How “Dunning Blindness” can doom an organization

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Dr. David Dunning is already known for the infamous Dunning-Kruger Effect, a phenomenon that is of core importance to organizational theory: People who are incompetent in a given task tend to overestimate their ability, and tend to be resistant to evidence and feedback about their incompetence.

This inability of the less competent to assess their own ability extends to interpersonal assessments. As Dr. Dunning puts it, “To the extent that you are incompetent, you are a worse judge of incompetence in other people.”

We call this phenomenon Dunning Blindness, and would paraphrase the principle this way: The less competent are generally incapable of recognizing the more competent. Think of it in terms of color vision. If Jay can only see in black and white, he’s not going to be a very good judge of the decorating skills of Bob, who has perfect color vision.

As you can imagine, Dunning Blindness has enormous implications for hiring, placement, and promotion. In fact, it likely accounts for a significant portion of inefficiency within organizations, if not a majority of it.

The problem of Dunning Blindness is compounded by what has been called social comparison bias, the tendency of people to dislike others who are seen to compete with them on some measure. Researchers have shown that Social Comparison Bias directly undermines merit in professional decision-making. (See: “Tainted recommendations : The social comparison bias,” Garcia et al. in Organizational Behavior and Human Decision Processes, Volume 113, Issue 2, November 2010, Pages 97–101)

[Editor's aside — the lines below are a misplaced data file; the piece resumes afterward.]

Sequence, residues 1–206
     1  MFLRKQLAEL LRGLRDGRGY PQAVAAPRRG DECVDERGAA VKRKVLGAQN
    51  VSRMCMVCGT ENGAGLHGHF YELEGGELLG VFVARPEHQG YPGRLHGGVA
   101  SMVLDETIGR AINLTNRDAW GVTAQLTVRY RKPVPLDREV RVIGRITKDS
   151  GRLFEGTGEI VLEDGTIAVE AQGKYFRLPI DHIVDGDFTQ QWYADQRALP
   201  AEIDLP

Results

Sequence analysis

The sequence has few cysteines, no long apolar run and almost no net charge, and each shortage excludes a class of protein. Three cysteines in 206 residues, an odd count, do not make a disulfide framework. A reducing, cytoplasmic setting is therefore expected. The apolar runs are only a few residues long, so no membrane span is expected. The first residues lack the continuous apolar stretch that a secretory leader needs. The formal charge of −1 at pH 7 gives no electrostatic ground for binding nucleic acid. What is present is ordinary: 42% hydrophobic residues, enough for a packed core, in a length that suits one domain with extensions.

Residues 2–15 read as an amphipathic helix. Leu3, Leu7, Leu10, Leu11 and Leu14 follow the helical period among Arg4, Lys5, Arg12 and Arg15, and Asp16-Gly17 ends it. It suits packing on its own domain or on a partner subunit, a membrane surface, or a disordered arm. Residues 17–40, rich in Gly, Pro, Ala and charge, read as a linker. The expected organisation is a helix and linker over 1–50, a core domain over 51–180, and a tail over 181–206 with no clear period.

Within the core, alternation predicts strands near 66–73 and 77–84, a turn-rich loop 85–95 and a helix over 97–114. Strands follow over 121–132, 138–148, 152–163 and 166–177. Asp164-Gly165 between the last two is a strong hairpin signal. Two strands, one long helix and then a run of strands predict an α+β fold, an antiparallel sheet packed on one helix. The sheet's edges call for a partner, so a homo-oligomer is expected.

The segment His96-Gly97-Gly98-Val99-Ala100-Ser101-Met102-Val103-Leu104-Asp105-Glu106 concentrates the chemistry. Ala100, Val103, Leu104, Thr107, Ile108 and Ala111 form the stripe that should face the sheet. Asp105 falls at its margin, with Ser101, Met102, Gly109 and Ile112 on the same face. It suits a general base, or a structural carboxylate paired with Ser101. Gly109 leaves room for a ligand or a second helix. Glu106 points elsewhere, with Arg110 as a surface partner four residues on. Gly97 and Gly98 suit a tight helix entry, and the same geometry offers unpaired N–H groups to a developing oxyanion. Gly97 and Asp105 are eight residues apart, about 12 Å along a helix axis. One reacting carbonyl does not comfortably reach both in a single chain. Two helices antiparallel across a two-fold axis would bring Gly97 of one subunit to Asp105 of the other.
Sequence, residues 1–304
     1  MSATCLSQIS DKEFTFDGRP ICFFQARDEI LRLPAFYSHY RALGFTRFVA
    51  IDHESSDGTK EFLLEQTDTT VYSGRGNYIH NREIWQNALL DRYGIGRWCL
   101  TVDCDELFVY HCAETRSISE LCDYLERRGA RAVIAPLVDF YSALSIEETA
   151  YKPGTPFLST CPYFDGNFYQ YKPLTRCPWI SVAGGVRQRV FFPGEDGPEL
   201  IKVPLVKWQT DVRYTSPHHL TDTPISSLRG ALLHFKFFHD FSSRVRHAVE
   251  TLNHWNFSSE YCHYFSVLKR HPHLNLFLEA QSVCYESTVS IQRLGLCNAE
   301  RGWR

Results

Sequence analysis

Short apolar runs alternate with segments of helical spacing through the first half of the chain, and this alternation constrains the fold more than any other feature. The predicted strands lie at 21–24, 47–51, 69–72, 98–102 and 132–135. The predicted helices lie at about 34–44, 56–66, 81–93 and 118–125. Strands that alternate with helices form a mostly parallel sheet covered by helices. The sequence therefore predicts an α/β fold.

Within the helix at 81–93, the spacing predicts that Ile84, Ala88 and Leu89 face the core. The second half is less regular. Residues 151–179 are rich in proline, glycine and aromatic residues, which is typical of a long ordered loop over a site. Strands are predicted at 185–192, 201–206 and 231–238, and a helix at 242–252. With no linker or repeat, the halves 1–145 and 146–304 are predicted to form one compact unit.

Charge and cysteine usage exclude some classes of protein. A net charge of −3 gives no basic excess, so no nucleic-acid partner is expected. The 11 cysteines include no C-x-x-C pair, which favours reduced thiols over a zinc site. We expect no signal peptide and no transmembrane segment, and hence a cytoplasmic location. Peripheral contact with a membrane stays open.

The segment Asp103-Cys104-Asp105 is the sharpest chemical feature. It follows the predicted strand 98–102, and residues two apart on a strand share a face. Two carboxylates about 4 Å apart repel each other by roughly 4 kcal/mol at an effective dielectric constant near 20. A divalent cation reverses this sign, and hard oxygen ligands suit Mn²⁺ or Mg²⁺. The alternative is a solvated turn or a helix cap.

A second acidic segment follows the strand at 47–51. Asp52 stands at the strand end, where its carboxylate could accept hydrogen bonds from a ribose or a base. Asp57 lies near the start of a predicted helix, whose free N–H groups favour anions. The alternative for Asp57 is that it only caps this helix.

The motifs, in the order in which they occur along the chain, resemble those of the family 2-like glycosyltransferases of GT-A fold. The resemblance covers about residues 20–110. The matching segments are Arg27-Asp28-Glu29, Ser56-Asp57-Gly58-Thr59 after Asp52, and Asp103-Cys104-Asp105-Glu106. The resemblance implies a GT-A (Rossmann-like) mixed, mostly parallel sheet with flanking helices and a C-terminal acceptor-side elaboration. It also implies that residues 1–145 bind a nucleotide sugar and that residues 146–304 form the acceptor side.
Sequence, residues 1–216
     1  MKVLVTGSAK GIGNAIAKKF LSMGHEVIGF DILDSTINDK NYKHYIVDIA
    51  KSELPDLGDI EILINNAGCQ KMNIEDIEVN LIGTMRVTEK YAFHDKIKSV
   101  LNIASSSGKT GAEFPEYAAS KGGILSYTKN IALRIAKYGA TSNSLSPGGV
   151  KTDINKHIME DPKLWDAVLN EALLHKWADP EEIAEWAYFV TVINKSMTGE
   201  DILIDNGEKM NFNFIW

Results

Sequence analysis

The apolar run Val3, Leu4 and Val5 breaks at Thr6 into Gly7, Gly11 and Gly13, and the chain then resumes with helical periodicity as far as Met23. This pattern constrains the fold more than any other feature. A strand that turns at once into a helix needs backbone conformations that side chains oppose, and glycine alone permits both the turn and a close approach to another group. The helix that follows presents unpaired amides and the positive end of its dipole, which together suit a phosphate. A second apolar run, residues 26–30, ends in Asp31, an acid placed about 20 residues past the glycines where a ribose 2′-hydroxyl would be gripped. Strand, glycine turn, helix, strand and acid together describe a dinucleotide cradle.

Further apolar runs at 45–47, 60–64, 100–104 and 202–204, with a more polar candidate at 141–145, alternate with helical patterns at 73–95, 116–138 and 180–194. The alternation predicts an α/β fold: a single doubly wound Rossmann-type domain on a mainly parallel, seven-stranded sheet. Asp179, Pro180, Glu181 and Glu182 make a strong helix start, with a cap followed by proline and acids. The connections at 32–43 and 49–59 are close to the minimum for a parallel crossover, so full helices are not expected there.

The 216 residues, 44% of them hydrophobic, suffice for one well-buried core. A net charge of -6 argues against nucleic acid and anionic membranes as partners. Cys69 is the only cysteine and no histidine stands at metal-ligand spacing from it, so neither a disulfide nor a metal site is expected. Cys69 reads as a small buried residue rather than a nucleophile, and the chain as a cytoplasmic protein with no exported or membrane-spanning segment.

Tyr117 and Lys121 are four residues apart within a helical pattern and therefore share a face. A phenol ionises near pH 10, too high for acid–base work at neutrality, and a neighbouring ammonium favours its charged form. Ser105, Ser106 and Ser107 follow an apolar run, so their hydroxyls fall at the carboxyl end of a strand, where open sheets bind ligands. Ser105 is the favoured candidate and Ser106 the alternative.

To summarize the larger problem: Dunning Blindness causes workplace authorities to be incapable of recognizing those who are more competent than themselves and, on occasions when Dunning Blindness is overcome somehow, social comparison bias leads those workplace authorities to suppress rather than promote those who are more competent than them.

This overall dynamic is known colloquially as Tall Poppy Syndrome or, more formally, as negative selection. We call such a business unit, where the supervisors are less competent than their subordinates, cognitively upside-down.

The only reasonable hope for a relatively competent subordinate to rise above a less competent supervisor is to have their talent recognized and poached by a talented supervisor from a different business unit, what we call diagonal promotion.

However, there is a limit to the saving graces of diagonal promotion, a limit inherent in  negative selection itself.

Lateral moves between business units can be driven not only by recognition of suppressed talent but also by social networking among a clique of mutually supportive, but relatively less competent, colleagues. Incompetent supervisors who are incapable of recognizing their more competent subordinates, or who feel threatened by them, might poach similarly incompetent friends to be assistants or deputies, or might recommend these friends as supervisory peers to their own superiors.

Incompetence can thus proliferate itself throughout an organization like a cancer. And, once an organization reaches a certain threshold of cognitive upside-downness, it does not have the personnel resources to save itself.

Most organizations have relatively little personal interaction beyond a few layers of management up or down. There is simply not enough one-on-one exposure for higher-ups to recognize the talents of workers too far below them. Once negative selection fills a layer of management with members of a mutually supportive network driven by suppression of competence, a twin barriers of Dunning Blindness and social comparison bias effectively block the talented from contributing to the health of the organization.

At this point, the brain of the organization short-circuits and—absent rigorous reform efforts by talented strategic leaders or radical intervention from the outside—the organization decays and falls apart.

One comment on “How “Dunning Blindness” can doom an organization

  1. […] in HR block rational thinkers from positions of strategic leadership. Social comparison biases and Dunning blindness seal these disparities in an immutable, upside-down hierarchy and the organization stagnates into […]